Oaks are tall, majestic trees that provide visual appeal with their acorns and colorful leaves. These trees can die if they develop root rot, and the disease can spread from one oak tree to other healthy trees. Learn to recognize the symptoms and causes of root rot to keep your trees healthy or diagnose a sick tree.
Oak trees can contract many types of root rot. North Carolina State University notes the following types are present in the southeastern United States: Armillaria, Bondarzewia berkeleyi, Ganoderma lucidum, Grifola frondosa, Inonotus dryadeus and Meripilus sumstinei. In California, Armillaria and Phytophthora are the predominant types of root rot. All root rot exhibits similar symptoms, with some variety in the fungal bodies that cause the disease and the fungal growth observed on trees.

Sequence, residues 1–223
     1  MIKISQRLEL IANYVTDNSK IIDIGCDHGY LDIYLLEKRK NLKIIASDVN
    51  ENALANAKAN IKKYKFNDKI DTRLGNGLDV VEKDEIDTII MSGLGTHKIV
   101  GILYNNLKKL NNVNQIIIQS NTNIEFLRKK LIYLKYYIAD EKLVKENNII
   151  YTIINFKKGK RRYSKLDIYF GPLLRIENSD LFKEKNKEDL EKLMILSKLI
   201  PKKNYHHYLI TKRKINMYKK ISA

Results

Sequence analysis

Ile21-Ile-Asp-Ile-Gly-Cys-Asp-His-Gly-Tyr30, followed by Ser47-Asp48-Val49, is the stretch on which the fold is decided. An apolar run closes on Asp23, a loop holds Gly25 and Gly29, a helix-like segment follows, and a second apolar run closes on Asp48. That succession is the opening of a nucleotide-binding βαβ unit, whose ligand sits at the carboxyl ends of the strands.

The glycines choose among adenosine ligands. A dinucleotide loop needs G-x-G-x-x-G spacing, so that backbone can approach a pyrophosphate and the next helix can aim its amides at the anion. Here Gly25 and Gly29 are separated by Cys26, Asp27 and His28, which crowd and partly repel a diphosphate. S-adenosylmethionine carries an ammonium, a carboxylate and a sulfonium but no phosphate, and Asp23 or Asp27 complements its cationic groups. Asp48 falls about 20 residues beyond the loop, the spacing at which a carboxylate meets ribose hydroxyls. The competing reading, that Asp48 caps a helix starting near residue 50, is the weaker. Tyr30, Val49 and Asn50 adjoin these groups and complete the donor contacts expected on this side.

Root rot is classified as a fungal disease. Oak trees contract root rot over time, especially when they are planted in poor draining soils, since this means the roots are frequently sitting in water. Oak trees can also develop this disease if they are given too much irrigation, especially in drought-prone areas like California. Warm, humid conditions exacerbate the growth of fungi that cause different types of root rot.
Below ground, the roots of oaks can rot. They turn brown and grow mushy, and typically gardeners don't see these symptoms. Above ground, trees sometimes develop fungal bodies or growths on the trunk. These range in color from orange to cream, depending on the type of root rot. Trees also lose their leaves and grow slower. You may observe some or all of these symptoms.
You should avoid overwatering oak trees, especially in rainy periods. Plant oak only in well-draining soil so they do not develop root rot. Provide oaks annual fertilizing and pruning to keep the trees as healthy as possible, since trees under stress are more likely to develop root rot.
You can dig up the soil around the root to attempt to dry out the root system, but this does not always work. You can control the disease by applying fungicide, but cannot treat it or reverse it, as affected trees will die.